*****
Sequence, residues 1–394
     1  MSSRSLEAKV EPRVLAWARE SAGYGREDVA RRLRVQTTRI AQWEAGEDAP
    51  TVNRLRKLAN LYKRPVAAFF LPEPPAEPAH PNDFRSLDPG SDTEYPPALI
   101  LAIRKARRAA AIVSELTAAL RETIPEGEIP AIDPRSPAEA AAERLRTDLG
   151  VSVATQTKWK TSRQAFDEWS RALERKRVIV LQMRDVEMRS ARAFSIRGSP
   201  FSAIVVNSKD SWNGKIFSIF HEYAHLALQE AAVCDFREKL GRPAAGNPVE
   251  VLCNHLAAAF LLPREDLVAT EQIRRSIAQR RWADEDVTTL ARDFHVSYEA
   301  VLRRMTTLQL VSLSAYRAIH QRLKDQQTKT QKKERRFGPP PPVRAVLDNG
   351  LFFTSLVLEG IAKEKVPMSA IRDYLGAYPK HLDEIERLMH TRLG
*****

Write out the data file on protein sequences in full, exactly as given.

Sequence, residues 1–394
     1  MSSRSLEAKV EPRVLAWARE SAGYGREDVA RRLRVQTTRI AQWEAGEDAP
    51  TVNRLRKLAN LYKRPVAAFF LPEPPAEPAH PNDFRSLDPG SDTEYPPALI
   101  LAIRKARRAA AIVSELTAAL RETIPEGEIP AIDPRSPAEA AAERLRTDLG
   151  VSVATQTKWK TSRQAFDEWS RALERKRVIV LQMRDVEMRS ARAFSIRGSP
   201  FSAIVVNSKD SWNGKIFSIF HEYAHLALQE AAVCDFREKL GRPAAGNPVE
   251  VLCNHLAAAF LLPREDLVAT EQIRRSIAQR RWADEDVTTL ARDFHVSYEA
   301  VLRRMTTLQL VSLSAYRAIH QRLKDQQTKT QKKERRFGPP PPVRAVLDNG
   351  LFFTSLVLEG IAKEKVPMSA IRDYLGAYPK HLDEIERLMH TRLG